6 Supportive Mental Health Strategies to Offer Struggling Employees

May 13, 2020 | 732 views

6 Supportive Mental Health Strategies to Offer Struggling Employees
6 Supportive Mental Health Strategies to Offer Struggling Employees

Mental health issues have increased in recent months. This should not be surprising as we negotiate unprecedented change. For your employees, the impact can take its toll in many forms: anxiety, depression, feelings of loneliness, sleep loss, domestic violence, and fear. Our current environment is affecting us all. For the first time in most lives, there are no tried-and-true answers to questions about future employment, education, economic recovery, and medical responses.

For employers, this is the time to provide reinforcement and support for employees. It is the time to commit to employee health and well-being. And it is the time to openly communicate about available options to assist struggling employees.

  1. Check-in before they check out. By now, most organizations have instituted some sort of virtual meeting to keep communication open. As part of this, take the pulse of each person to see how each one is doing. Normally, in an office environment, we will share personal triumphs and concerns. From a toddler’s first step to learning that a spouse was laid off, provide the opportunity for employee concerns to surface.
  2. Eliminate online frustrations. Working remotely can be a technological nightmare for some. While some of us have lost count of our virtual meetings, others are doing this for the first time. The learning curve is steep, so do what you can to provide training, good equipment and IT support to smooth the path for productivity.
  3. Use those encouraging videos. Inspiration from other leaders goes a long way. Share stories of other leaders and companies that provide encouragement. Some can be funny too. Levity is welcome in times of stress, and laughter is good medicine. Using others’ creative work can be effective and free.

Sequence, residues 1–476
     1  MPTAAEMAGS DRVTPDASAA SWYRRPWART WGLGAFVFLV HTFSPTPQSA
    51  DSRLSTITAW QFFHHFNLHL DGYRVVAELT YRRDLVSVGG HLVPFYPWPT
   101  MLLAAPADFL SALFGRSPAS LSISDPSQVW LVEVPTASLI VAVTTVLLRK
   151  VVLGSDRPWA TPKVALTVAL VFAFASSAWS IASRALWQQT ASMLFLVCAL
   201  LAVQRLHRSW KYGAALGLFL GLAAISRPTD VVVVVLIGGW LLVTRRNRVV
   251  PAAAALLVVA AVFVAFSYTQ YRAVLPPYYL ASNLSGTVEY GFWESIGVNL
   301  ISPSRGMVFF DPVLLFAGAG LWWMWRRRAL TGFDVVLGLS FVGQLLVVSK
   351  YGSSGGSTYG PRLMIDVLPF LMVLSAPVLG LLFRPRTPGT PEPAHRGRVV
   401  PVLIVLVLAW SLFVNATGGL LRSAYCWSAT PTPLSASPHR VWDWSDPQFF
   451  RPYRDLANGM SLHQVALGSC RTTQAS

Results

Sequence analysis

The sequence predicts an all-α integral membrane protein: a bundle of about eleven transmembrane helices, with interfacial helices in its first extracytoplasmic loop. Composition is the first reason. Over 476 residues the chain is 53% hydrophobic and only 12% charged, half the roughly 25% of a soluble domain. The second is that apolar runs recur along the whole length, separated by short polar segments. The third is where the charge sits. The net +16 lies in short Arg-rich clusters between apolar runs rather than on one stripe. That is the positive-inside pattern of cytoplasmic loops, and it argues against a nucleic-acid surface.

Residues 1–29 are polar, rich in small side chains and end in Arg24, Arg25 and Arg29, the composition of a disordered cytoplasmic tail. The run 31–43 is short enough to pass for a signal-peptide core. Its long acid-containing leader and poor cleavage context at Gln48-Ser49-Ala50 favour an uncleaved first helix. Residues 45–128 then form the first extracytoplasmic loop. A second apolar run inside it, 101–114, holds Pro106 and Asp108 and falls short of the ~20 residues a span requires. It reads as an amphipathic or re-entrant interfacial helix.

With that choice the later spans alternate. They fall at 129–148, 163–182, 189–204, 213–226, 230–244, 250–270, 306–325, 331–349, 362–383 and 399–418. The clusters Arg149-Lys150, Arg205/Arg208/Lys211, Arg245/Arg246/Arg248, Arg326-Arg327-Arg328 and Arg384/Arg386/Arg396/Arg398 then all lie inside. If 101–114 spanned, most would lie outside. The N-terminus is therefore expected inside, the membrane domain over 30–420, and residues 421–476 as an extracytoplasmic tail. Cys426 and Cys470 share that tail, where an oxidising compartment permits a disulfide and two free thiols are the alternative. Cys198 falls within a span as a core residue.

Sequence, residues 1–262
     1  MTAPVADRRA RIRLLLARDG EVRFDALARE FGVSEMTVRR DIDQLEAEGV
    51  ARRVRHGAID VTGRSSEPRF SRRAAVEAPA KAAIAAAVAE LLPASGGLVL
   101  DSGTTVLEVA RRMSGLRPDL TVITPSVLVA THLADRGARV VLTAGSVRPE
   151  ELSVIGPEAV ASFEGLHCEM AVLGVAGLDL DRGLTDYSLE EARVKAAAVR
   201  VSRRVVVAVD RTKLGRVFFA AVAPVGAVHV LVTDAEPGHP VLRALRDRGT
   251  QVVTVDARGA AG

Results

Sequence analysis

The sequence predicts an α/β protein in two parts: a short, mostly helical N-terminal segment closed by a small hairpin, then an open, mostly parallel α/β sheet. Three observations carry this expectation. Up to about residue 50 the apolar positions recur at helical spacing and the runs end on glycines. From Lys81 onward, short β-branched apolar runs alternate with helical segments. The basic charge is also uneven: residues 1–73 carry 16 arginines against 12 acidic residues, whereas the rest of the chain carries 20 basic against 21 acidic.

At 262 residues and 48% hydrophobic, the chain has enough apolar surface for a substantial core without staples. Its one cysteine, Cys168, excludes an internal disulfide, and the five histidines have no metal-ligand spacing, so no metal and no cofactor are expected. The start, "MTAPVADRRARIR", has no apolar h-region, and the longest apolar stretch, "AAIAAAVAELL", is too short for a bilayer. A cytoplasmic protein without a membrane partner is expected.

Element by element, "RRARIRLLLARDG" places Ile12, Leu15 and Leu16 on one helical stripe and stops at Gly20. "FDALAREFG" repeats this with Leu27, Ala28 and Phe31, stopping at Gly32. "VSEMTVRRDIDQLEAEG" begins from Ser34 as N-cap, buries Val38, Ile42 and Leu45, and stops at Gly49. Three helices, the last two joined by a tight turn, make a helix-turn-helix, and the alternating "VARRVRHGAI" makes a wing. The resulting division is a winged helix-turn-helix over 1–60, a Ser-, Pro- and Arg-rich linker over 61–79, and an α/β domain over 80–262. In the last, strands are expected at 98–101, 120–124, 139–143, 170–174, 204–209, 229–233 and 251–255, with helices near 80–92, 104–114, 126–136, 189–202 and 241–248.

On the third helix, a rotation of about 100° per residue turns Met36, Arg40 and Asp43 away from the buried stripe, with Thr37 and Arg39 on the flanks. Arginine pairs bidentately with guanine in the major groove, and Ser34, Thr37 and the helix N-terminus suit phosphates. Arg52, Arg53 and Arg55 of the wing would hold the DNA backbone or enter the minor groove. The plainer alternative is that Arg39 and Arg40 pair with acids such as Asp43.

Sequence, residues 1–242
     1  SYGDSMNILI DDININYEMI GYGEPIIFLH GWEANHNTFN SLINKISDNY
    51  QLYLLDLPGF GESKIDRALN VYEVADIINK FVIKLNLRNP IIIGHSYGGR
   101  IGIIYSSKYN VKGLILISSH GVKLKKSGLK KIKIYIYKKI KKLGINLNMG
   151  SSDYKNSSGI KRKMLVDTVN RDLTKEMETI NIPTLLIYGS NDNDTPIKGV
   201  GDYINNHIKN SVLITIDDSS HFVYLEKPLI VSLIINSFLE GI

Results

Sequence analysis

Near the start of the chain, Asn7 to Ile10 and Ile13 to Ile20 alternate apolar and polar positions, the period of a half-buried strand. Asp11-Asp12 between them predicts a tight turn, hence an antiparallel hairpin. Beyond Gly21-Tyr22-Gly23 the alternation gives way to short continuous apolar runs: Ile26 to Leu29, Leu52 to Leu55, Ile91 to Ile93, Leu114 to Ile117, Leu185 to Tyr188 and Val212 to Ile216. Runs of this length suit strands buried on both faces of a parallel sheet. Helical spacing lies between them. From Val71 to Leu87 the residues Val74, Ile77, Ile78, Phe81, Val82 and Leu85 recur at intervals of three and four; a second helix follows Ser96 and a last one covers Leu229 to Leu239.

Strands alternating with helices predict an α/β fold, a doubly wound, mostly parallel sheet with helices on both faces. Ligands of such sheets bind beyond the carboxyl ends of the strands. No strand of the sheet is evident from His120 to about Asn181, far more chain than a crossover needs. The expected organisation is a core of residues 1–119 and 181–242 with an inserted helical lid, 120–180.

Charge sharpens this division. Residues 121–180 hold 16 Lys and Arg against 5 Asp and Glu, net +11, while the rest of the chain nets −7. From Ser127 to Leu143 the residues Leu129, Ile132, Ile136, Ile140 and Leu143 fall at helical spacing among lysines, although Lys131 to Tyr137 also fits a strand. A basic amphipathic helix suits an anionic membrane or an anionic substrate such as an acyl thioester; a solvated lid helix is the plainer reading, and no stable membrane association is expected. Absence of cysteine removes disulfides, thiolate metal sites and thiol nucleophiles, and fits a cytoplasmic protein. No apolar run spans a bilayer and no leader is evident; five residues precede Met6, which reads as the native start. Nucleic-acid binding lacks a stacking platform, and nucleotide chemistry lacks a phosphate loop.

4. Don’t put lipstick on the pig. Mental health should not be disguised or ignored. Talking about employee stressors and their impact is important. Talk up the Employee Assistance Program (EAP) if you have them. Encourage virtual talk therapy as needed. Suicide rates rise and fall with the economy, so don’t dress up a stressful situation to make it look better. Positive encouragement is good, but be open to seeing things as they really are.
  5. Encourage self-care. This might mean utilizing an EAP benefit or encouraging healthy activities like yoga, meditation, and exercise. Have a talk therapist as a guest speaker for a virtual meeting. Provide links to healthy cooking pages. Or go ahead and have a departmental happy hour one afternoon like real colleagues.
  6. Have a heart. As your curated videos will show, good leadership also includes some empathy for employees’ situations. Show you care with consistent communication that regularly acknowledges how hard this is while demonstrating how much you value each of them. No one knows exactly how work life will look in a month or a year and that can be daunting.

We all vent a bit, groan when the wifi is slower, and want to stop the 24/7 access of children and work. This time of uncertainty will pass eventually, but we must be present and able to negotiate its ever-changing demands with clear heads in an empathetic work environment. Encourage employees to focus on their mental health needs, address the concerns openly, and respond proactively. The reward will be healthy and productive staff–strong and able to recover from this unique and mentally stressful working environment.

Author Profile Jon Forknell is the Vice President and General Manager of Atlas Business Solutions, Inc., a software marketing company specializing in employee scheduling software, including ScheduleBase employee scheduling software, and other business software solutions. In the past, Jon has been recognized by the U.S. Small Business Administration as a SBA Young Entrepreneur of the Year. Atlas Business Solutions was named as one of Software Magazine’s Top 500 Software Companies in 2004 through 2007, and 2010, 2013, 2014, 2016, 2017, and 2018.

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